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PR Meet Advertising; Advertising Meet PR

Posted At: April 14, 2008 11:29 AM
by Sabrina McLaughlin, APR, Contributing Writer

All too often in the daily grind of business, people find themselves struggling with the difficult decisions of how to get the word out about what they have or what they do. While traditional advertising is evident on every street corner or magazine page, public relations initiatives often get dismissed or are never given much thought to begin with. However, what many fail to realize is that public relations is built on the premise that an organization has and/or desires a relationship with its publics. If that relationship does not or cannot exist, then your traditional advertising will not work.

While this is a bold statement, it is apparent in many of the most successful organizations that we know and love. The bottom line is that if you use public relations to establish mutually beneficial relationships between your business and its publics, advertising will saturate the market and be truly effective. The idea is to have the two work together in tandem performing amazing feats of artistry on your behalf and directly attributing those efforts to your bottom line.

PR, this is advertising, so say hello and shake hands. Advertising, this is PR. Together the two are a powerful force to be reckoned with in any industry or market. A perfect example … Starbucks. As we all know Starbucks is one of the most successful coffee companies on the planet for several reasons, but one is the mere fact that it has a customer relations based approach to how it does business—Starbucks puts customers first and treats them the same way no matter what particular shop you walk into. Public relations must start from the ground up (no pun intended) and Starbucks understands this approach. Every customer is greeted, called by name and taken care of—this is the livelihood of its business. In fact, the company believes in this practice and the quality of its product so much that until recently it has done very little traditional advertising. Starbucks decided to venture out into the world of print ads and outdoor media when the brand reached a plateau—having established a relationship with its publics, the company is now using traditional media to push itself over that plateau.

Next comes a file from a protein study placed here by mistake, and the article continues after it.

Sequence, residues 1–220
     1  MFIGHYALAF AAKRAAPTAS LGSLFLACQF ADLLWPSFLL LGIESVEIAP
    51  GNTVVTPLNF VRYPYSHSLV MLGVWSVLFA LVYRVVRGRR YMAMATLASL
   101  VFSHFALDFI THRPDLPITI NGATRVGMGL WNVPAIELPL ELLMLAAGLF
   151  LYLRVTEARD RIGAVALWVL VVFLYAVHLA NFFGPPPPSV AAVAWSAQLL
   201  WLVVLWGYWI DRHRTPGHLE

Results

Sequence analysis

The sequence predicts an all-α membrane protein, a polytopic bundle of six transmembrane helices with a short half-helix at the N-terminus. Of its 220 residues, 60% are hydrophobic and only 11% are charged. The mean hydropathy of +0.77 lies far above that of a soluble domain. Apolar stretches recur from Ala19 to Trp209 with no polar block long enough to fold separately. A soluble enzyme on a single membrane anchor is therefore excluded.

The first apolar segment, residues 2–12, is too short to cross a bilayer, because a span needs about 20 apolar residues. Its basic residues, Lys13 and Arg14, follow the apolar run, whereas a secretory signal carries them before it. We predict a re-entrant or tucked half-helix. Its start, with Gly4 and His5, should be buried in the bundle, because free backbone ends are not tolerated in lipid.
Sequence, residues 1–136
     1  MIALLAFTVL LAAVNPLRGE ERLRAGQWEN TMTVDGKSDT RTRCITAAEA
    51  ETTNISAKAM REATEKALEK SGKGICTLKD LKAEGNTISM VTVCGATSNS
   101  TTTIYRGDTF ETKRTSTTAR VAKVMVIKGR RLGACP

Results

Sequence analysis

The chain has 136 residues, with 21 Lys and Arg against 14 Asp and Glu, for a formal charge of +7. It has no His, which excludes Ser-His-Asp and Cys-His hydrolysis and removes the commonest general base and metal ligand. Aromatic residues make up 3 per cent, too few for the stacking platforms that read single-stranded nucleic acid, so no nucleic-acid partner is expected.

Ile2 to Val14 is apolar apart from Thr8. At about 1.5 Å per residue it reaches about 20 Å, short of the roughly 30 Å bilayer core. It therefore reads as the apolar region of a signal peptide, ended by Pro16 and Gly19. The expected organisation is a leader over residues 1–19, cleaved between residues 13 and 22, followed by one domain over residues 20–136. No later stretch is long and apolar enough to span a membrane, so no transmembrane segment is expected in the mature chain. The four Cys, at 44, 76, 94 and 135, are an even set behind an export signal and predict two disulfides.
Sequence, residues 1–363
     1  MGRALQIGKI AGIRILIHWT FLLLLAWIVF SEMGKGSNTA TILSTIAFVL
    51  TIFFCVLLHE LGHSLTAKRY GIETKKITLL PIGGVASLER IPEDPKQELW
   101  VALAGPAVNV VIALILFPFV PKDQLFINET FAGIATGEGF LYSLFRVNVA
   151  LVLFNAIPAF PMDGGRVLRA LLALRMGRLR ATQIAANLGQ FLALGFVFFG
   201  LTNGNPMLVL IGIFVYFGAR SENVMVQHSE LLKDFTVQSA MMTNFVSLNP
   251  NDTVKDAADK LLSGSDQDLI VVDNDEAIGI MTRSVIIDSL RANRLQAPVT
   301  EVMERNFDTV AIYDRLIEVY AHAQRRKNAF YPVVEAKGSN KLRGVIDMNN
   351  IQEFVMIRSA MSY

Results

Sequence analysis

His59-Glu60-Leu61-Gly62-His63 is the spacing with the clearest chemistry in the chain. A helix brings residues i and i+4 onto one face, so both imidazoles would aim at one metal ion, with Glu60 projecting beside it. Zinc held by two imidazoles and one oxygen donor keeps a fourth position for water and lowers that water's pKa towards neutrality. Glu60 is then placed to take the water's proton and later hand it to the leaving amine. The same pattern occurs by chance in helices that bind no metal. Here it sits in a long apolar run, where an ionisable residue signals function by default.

Organizations should train their employees to take care of customers—they are the front line of defense. In order to achieve this, organizations should conduct regular staff meetings so they know what is going on with promotions, providing customer relations training for them and monitoring how they are treating customers. Even the person who answers the phone has the ability to change how people see an organization. In many cases it is that person who answers the phone or stands at the front to greet customers that sets the tone and pace for a customer’s experience.

Once an organization has established its brand in the minds and hearts of its potential customers using public relations, advertising can then be used to solidify those perceptions and experiences while taking an organization above and beyond that plateau. Use advertising to touch on the ideas and concepts about your business that now already exist in the mind of your potential customer. The bottom line is this: the true function of advertising is to reinforce an existing message. If you want to send a new message, use public relations.

E-mail: Sabrina McLaughlin

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